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Robotics in Nursing

Robotics in nursing
Photo: Robotics in nursing
Staff shortages and technical challenges (such as patient lifting and moving) means there is a present and growing incentive to design, develop and implement robotic technology in the delivery of health care.  The reliance on robotic technology in surgical fields has been a reality for decades, but recent trends and developments indicate that the emergence of technology and even robotic technology in the delivery of primary healthcare is a growing phenomenon.

The NCAH website features a number of videos of robots used in healthcare.  For example:
  • Lifting Robot – is intended to assist nurses particularly in the aged care setting to lift or move patients.  The obvious benefit being that there is no need for nurses to compromise their own back-health in the process of assisting their patients.  The use of a robot, as opposed to a mini-lifting machine is intended to make the process a bit less intimidating for the patient.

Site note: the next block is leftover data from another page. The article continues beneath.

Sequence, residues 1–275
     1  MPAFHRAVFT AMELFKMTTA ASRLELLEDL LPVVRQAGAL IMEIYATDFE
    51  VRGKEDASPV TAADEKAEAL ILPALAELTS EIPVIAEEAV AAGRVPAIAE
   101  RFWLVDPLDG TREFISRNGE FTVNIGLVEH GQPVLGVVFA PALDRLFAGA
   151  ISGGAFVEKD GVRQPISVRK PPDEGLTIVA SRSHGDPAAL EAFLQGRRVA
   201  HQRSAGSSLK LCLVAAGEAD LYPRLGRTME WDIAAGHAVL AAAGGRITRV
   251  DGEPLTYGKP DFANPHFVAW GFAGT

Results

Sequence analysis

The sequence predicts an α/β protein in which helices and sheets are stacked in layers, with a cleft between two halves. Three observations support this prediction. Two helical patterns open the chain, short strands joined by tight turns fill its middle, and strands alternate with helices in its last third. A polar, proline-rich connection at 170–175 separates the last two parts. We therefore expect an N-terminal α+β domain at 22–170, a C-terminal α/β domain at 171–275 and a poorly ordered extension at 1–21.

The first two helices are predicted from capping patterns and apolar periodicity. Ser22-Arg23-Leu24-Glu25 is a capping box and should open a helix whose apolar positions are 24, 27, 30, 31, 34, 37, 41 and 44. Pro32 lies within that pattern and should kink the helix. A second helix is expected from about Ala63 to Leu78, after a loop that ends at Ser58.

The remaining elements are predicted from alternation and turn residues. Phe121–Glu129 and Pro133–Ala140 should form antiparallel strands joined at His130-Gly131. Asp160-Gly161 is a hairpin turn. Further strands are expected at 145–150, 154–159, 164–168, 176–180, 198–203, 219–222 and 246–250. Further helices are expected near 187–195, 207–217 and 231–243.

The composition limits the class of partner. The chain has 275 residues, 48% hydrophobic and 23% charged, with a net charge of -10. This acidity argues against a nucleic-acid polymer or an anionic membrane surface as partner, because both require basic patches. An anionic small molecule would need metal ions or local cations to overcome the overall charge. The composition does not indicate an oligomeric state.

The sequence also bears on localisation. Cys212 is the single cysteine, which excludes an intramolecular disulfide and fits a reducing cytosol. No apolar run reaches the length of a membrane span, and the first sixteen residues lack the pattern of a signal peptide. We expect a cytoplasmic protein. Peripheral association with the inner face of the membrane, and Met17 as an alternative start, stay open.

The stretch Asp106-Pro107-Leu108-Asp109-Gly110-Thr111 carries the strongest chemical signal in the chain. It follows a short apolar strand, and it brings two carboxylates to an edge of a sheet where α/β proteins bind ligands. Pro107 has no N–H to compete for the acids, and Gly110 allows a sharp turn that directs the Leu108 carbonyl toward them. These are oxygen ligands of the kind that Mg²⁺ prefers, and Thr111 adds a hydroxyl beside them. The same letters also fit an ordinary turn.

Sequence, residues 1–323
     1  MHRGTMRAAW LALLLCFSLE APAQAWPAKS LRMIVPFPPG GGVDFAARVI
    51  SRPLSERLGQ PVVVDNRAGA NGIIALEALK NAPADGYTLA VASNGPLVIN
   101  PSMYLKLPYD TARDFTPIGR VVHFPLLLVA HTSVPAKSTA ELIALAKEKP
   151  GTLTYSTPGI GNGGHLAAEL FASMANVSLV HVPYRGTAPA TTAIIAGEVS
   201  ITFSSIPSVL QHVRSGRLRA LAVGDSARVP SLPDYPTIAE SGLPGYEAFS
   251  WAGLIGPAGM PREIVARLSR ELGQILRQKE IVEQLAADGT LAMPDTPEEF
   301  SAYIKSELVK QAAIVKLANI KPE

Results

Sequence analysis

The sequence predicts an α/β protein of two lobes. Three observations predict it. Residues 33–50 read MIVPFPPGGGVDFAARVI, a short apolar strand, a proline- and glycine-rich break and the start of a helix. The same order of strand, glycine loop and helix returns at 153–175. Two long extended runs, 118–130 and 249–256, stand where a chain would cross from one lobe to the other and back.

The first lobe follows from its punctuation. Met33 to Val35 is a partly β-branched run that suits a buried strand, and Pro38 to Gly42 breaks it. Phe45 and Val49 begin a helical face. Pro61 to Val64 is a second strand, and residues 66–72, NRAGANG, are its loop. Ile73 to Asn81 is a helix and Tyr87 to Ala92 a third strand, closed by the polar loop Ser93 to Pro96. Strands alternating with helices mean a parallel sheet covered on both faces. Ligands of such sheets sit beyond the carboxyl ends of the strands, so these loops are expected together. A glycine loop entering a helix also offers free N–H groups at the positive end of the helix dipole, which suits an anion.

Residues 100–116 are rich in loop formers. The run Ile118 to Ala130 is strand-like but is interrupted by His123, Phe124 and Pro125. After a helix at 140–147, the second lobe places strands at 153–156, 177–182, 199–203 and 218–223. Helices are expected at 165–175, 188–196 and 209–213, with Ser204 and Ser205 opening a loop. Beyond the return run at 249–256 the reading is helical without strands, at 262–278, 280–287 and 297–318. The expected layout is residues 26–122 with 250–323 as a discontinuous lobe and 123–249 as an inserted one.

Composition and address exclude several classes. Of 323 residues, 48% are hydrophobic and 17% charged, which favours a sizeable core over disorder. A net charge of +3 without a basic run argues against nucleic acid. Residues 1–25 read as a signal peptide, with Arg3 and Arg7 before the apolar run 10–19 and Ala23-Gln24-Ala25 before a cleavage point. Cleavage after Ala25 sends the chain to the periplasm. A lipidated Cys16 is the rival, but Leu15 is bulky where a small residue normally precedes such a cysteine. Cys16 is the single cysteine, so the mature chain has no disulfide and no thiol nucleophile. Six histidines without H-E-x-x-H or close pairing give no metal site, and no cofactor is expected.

• ‘Stan the Man’ – which is used to train nurses and health professionals.  The robot is designed to respond to various treatments applied by the trainee nurse.
  • Actroid-F – the level of impersonation associated with this robotic nurse can only mean it is intended to mimic real nurses and despite the fact that this is clearly a significant technological achievement, it does raise significant questions about the role and limitations of technology in the delivery of primary healthcare.
Machines such as lifting machines have been used in the delivery of primary health care for as long as adjustable beds have been around, but the line between machine and robot and indeed the ethics of their use becomes blurred as the machine / robot is designed to replace rather than assist nurses and health professionals in the delivery of healthcare.

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